Just a couple of interres... (17 May 2003)
Just a couple of interresting snippets from New Scientist that I picked up this morning:
Firstly, there is a really terrible soap called Eastenders in the UK, possibly we export it too - I'm not sure. Anyway - like any soap it's completely over the top; at least it seems that way. New Scientist has figures averaged over the 18 year run time of Eastenders:
|Behaviour||Real Life (% of pop)||Eastenders (% of pop)|
|Homicide||0.0016 %/year||0.22 %/year|
|Rape||0.3 %/year||0.35 %/year|
|Infidelity||women: 9 %/year, men: 14.6 %/year||women: 2 %/year, men: 1.7 %/year|
|Men paying for sex||4.3 %/year||0.18 %/year|
|Deceived fathers||10 %/year||5.8 %/year|
So, except for homocides, Eastenders is actually tamer than real life (consider that rape is vastly under reported in offical statistics). That is a deeply depressing thought.
On another topic, a couple of pages later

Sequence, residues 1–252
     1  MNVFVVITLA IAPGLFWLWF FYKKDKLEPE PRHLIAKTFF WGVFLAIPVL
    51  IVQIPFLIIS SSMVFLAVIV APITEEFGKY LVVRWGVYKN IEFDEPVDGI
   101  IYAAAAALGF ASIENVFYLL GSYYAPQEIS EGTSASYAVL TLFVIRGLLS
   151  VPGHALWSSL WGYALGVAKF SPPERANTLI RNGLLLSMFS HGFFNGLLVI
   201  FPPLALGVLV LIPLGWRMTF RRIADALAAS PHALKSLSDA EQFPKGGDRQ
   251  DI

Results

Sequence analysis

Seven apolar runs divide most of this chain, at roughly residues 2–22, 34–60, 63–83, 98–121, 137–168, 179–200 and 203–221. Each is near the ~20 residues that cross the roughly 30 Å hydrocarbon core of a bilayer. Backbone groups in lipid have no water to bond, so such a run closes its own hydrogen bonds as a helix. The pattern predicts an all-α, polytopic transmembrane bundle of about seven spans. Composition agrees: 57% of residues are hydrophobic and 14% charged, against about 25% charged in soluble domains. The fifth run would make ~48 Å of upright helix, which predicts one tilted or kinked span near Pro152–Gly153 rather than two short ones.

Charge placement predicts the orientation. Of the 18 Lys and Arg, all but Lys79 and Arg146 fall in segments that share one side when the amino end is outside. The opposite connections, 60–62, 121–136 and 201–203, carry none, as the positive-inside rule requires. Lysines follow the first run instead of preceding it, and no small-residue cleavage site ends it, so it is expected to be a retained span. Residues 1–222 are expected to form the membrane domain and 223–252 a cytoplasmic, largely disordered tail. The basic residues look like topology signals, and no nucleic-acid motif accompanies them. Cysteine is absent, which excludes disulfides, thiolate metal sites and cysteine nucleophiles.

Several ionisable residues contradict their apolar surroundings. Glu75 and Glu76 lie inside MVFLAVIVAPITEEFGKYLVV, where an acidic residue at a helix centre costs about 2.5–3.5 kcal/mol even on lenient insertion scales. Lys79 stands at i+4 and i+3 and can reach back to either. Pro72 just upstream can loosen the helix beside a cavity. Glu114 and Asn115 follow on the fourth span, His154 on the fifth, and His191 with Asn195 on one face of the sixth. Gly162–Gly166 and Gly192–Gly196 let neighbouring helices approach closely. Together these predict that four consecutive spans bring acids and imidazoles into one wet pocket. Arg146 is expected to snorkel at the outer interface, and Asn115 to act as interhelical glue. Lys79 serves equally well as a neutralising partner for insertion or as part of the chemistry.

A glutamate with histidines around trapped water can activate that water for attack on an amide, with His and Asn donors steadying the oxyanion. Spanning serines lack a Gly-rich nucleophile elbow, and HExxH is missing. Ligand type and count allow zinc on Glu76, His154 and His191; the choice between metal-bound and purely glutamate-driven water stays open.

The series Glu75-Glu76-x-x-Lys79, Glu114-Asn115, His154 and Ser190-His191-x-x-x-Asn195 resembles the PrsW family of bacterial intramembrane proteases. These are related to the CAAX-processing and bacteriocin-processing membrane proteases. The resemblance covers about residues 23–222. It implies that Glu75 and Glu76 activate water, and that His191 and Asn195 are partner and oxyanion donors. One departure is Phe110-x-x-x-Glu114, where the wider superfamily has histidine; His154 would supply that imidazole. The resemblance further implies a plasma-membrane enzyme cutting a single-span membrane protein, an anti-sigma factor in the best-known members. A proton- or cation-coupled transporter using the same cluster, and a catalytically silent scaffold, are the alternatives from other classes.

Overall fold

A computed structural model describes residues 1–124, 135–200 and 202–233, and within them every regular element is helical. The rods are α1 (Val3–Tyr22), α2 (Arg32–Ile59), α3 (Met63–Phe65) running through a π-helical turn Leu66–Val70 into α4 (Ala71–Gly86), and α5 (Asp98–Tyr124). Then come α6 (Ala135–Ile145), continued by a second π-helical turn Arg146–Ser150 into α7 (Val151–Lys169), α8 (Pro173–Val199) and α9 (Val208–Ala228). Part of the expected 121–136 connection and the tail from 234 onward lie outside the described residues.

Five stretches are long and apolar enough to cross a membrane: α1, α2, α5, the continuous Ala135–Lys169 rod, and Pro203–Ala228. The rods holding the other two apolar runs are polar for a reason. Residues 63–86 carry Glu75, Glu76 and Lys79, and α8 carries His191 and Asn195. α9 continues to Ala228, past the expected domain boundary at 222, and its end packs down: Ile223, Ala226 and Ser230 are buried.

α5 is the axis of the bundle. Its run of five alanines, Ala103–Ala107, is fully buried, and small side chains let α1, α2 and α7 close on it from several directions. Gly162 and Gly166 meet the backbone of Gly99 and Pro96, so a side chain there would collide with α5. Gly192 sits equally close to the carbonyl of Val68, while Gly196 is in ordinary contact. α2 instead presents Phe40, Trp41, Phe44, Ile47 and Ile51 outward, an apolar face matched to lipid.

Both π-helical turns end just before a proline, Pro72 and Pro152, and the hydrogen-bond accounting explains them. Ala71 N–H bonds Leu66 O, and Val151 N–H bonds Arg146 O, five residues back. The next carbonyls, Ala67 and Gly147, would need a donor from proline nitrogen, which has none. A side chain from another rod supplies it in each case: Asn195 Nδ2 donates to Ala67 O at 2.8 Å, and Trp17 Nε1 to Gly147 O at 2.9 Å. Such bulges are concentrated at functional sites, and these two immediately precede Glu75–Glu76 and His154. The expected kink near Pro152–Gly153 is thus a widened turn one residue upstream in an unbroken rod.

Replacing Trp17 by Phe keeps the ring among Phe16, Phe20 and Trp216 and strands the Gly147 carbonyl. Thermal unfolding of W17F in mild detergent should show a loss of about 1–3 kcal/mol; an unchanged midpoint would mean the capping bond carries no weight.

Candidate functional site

The vassopressin receptor gene (...) is controlled by a promoter whose length varies between species. The expression of this gene in certain parts of the brain in rodents seems to be necessary for them to form monogamous pair bonds - to fall in love, as it were.
(...) the prairie vole has a 460-base-pair insert in the gene's promoter which is lacking in its close relation, the montane vole. This has the effect of causing the gene to be expressed in a part of the paririe vole's brain where it is absent in the montane vole. It makes that part of the brain sensitive to vasopressin, a molecule released into the brain by the act of sex. (...) the male prairie vole becomes "socially addicted" to females it has had sex with, whereas the montane vole is socially indifferenet to its mates. (... the first species is monogamous, the second polygamous ...) The human vasopressin receptor gene looks not unlike the parires vole gene in both its promoter length and its expression pattern. But it varies in length between individuals. (...) the probability of divorce is highly heritable, and adopted people are more like their biological parents than their adoptive parents in this respect.